How Do We Find the “New Normal” in Indoor Public Spaces?

CultureHouse Indoor Public Space at Harvard Square

Setting limits for the number of people in the space.

  • This is flexible depending on the location and the space available, but this is generally the limiting factor in reopening plans and governs a lot of the other considerations in the decision making process.

Entry and Exit

  • Planning so that people can enter and exit the space while maintaining social distancing and avoiding contact with surfaces is crucial to ensure the safety of all people that interact with the space.
  • This is also a good opportunity to take part in contact tracing operations, and having people sign in, or provide some contact information, as they enter is helpful in the case of a suspected outbreak.


  • While many states and municipalities require businesses and indoor spaces to conduct basic screening, not all do. Regardless of whether implemented at the state or municipal level, this is an important step in ensuring the safety of both visitors and employees in the space.
  • There are many different types of screening, which usually involve asking people at the door whether they’ve experienced symptoms recently or been in contact with those experiencing symptoms.
  • Another effective screening technique is to use a contactless forehead thermometer to check the temperature of people entering the space.

Masks and Sanitization

  • At the screening check-in stage, it is important to remind/require people to wear masks at all times when in the space.
  • It has also become standard practice to have a hand sanitizing station at the entrance of the space so that people can sanitize their hands as they enter.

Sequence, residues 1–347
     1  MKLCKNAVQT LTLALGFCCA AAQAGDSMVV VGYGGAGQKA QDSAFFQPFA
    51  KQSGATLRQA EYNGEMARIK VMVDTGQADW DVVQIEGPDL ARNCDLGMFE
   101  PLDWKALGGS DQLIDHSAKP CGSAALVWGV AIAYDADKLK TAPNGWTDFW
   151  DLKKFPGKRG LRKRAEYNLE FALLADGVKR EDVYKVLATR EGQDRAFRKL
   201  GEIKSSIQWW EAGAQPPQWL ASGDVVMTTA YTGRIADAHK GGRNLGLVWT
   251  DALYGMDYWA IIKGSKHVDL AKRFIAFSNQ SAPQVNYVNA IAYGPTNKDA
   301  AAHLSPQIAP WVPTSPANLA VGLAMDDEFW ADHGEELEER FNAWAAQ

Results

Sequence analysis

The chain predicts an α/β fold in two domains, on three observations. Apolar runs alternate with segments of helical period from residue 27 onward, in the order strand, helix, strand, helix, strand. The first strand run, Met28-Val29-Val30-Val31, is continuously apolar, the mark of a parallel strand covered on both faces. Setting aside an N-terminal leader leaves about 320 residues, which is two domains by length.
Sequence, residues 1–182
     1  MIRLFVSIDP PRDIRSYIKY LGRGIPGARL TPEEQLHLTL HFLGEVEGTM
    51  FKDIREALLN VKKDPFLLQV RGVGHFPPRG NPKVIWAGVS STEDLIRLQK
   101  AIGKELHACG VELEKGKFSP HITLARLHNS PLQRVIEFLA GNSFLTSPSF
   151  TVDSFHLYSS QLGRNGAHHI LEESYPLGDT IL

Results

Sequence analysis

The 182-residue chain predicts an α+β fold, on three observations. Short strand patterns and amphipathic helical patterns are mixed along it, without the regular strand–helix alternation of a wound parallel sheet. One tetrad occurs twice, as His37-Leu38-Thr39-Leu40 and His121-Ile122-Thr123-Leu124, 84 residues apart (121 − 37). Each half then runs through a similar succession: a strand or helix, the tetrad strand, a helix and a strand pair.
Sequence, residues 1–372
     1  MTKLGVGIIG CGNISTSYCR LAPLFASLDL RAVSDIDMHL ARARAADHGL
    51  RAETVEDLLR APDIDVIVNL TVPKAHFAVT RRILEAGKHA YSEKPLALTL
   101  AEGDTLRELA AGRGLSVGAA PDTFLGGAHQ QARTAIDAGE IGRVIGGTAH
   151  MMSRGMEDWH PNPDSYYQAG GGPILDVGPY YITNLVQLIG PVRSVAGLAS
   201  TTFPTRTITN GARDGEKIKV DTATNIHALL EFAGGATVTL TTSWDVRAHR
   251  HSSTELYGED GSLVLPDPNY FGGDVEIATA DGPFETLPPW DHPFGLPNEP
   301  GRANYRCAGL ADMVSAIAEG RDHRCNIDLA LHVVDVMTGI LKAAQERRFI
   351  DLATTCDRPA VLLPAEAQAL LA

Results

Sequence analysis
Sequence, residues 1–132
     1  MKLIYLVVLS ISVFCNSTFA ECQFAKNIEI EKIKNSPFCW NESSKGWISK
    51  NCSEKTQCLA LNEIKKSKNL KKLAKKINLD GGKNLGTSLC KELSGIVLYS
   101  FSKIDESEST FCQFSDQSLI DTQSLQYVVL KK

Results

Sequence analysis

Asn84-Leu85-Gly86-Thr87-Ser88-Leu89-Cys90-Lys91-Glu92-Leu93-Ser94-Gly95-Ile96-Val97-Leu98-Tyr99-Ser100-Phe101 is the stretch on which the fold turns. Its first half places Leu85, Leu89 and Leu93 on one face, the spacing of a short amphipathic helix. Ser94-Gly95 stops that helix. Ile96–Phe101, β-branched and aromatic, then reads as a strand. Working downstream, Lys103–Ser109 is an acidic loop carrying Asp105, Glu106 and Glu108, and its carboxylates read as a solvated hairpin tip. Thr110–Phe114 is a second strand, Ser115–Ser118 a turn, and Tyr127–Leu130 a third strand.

Symptomatic People

  • In the event that somebody is in the space and expressing COVID-19 symptoms or has a thermometer reading that indicates a fever, it is useful to have a protocol in place for how to deal with people in this condition. This plan varies depending on the type of activity these people plan to do, and whether they’re an individual or in a group.
  • There should also be a plan for how to manage the situation when one person in a group is denied entry upon screening.


  • Deaf visitors who read lips may require screening from a worker wearing a clear face covering or one with a see-through window over their mouth.


  • It is essential to make sure that your policies and COVID-19 restrictions are clear and easily available for users of the space to see.
  • Signage can include informational posters, or even delineate physical distancing with 6ft separated dots on the ground for lines, as many businesses have started doing.
  • Organized physical infrastructure is just as important as signage in many cases.

Virtual Queuing

  • Another method of reducing congestion and overcrowding is to use virtual queuing to organize visitors to your space. At CultureHouse, we’ve been using There are many other paid options that provide other features that may be useful for certain purposes.
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CultureHouse improves livability in local communities by transforming unused spaces into vibrant social infrastructure.

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CultureHouse improves livability in local communities by transforming unused spaces into vibrant social infrastructure.

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